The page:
On October 15, the city council of Atlanta voted to pay $1.2 million to the city’s former fire chief Kelvin Cochran. The settlement comes after a federal court ruled last December in Cochran’s favor in a lawsuit he filed against the city for suspending him in 2014 and firing him early the next year. The city claimed Cochran had violated procedures for pursuing outside work; Cochran was convinced that he had been fired because of views he expressed in a short devotional book aimed at Christian men, Who Told You That You Were Naked? (the question is drawn from the book of Genesis) that grew out of classes he taught at his church—in particular, two sentences that described homosexuality as sinful behavior.
The U.S. District Court for the northern district of Georgia agreed with Cochran, noting, “This policy would prevent an employee from writing and selling a book on golf or badminton on his own time and, without prior approval, would subject him to firing. It is unclear to the Court how such an outside employment would ever affect the City’s ability to function, and the City provides no evidence to justify it,” adding, “This does not pass constitutional muster.”
Cochran’s victory is the latest in a long string of legal battles that have ended badly for opponents of religious liberty. Cochran was represented by the Alliance Defending Freedom, the Christian legal group that racked up two Supreme Court victories earlier this year. For years liberal advocacy groups such as the ACLU have argued, often with some measure of hyperbole or dishonesty, that “religious liberty” is a code word for discrimination. But in recent years, courts are recognizing the arguments of religious-freedom advocates, particularly the claim that you can’t separate an expression of personal religious beliefs from constitutionally protected free speech.
Kelvin Cochran’s life is a compelling American success story. Born to a single mother, he grew up in poverty before becoming a fireman. He rose through the ranks and eventually became fire chief in his hometown of Shreveport, Louisiana (the first African-American to hold that position), before becoming fire chief of Atlanta in 2008. He left Atlanta in 2009 to become the U.S. fire administrator, the top federal firefighting official, in the Obama administration. Atlanta mayor Kasim Reed, a self-styled progressive who later orchestrated Cochran’s firing, said he “begged” Cochran to return to his job as fire chief in Atlanta in 2010, which he did. In 2012, Cochran was named Fire Chief of the Year by Fire Chief Magazine.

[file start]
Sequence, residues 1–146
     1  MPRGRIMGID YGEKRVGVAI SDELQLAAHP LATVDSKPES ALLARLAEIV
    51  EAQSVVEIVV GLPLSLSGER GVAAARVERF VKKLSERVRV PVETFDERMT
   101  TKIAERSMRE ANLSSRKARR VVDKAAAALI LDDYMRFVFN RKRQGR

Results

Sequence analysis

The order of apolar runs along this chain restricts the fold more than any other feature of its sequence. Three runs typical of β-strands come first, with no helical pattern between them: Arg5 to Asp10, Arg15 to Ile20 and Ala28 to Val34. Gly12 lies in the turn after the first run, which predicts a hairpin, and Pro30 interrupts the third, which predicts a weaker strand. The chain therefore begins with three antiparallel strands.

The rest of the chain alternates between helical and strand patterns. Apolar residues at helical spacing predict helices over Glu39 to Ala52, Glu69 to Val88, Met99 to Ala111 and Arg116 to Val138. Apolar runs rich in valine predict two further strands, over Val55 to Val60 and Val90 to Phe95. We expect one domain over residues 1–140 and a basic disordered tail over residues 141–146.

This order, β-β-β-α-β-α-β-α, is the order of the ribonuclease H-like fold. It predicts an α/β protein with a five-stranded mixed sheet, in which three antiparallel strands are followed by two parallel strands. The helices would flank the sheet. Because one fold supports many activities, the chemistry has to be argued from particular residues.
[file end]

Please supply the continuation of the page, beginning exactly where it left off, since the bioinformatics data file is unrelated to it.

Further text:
Cochran knows a thing or two about bigotry as well: When he was one of the first black men to join the Shreveport department, he was made to sleep in separate quarters from the white firefighters. “It gave me a conviction that should I ever be in a position of leadership, that I would not allow anyone to have the same experience I had as a minority,” Cochran says of the experience.
Since Cochran’s qualifications were not in doubt and the city’s own investigation concluded he had engaged in no discriminatory behavior, the federal court found that the city of Atlanta’s eventual justification for firing Cochran (the existence of “pre-clearance” rules governing the speech of city employees) was unpersuasive.
Cochran’s case isn’t just a win for religious freedom but for free speech generally. Like the Supreme Court’s decision this year in National Institute of Family and Life Advocates v. Becerra, which rejected the state of California’s effort to require religiously oriented crisis pregnancy centers to read what Justice Clarence Thomas called a “government drafted script” telling women about abortion, Cochran’s case highlights the importance of protecting the right of employees to express their beliefs on all manner of topics.
But these rights remain at risk. Alarmingly, four justices on the High Court approved of California’s efforts to compel speech. If much of the institutional left in this country believes that Kelvin Cochran can be told to shut up and crisis pregnancy centers can be told what to say, then let’s at least be honest about what’s happening: An influential number of activists want to eliminate the First Amendment as an obstacle to achieving their vision of social equality. Proponents of religious liberty are going to need to keep amassing popular support and racking up significant legal victories to counter them.